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 European Commission > Eurostat > Financial crisis > Overview


Since autumn 2008 the accentuated turmoil in the world's financial markets induced major public interventions in Europe and worldwide to secure the stability of the financial system and support the economy. The financial and economic crisis also underlined the importance of statistics, such as notably macroeconomic indicators and government finance statistics, to inform public policymakers and the general public.


In this context, Eurostat - the Statistical Office of the European Union - recognised the need to ensure a coordinated approach across European countries on the statistical accounting consequences of bank and other market support operations by public authorities and to work closely with international partners on the statistical consequences of the financial turmoil.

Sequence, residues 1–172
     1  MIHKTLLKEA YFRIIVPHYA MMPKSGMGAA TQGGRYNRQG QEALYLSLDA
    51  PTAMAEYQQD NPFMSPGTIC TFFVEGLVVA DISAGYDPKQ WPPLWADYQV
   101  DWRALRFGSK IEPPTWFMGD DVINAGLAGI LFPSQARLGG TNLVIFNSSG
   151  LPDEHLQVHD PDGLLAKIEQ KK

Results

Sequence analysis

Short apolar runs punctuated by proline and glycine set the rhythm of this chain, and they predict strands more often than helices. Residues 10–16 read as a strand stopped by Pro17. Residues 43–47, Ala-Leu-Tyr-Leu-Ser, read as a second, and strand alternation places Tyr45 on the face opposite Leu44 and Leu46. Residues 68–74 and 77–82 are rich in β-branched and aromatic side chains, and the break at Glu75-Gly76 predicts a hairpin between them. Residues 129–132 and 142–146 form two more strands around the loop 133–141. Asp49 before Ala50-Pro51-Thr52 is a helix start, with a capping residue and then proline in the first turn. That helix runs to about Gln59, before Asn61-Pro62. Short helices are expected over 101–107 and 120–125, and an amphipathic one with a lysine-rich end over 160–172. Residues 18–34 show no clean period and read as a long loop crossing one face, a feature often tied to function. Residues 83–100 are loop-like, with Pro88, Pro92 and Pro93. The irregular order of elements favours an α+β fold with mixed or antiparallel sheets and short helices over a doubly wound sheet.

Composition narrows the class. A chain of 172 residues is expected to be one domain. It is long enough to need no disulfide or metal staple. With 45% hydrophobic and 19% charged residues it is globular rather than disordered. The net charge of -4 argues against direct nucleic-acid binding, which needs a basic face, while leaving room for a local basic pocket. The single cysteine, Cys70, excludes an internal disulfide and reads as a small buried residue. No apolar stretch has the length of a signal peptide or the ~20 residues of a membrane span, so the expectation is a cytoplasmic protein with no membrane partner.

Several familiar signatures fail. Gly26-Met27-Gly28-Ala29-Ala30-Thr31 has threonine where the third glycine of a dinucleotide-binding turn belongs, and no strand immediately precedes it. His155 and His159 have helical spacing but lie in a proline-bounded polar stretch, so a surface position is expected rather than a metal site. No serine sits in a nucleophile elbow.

The following areas can be distinguished:

  • Financial Crisis and Statistics. Eurostat already offers information on a number of key indicators to monitor the effects of the financial crisis direct impact on financial markets and indirect impact on the real economy. Further work on European statistics is underway to support Europe 2020 and the enhanced macro-economic, budgetary and structural surveillance process.
  • Statistical accounting of bank and other market support operations: Eurostat plays a major role in the European Statistical System in terms of methodological development, coordination and monitoring of government finance statistics, notably in relation to the stability and growth pact.
  • ESS Action Plan: With this plan Eurostat aims to ensure that statisticians provide a swift response when called upon and develop harmonised recording approaches to the statistical treatment of bank and other market support operations.
  • International cooperation on the statistical consequences of the financial turmoil: Eurostat is actively cooperating with major International Institutions (IMF, OECD, United Nations, European Central Bank) on the statistical consequences of the financial turmoil.



Last update 22.10.2010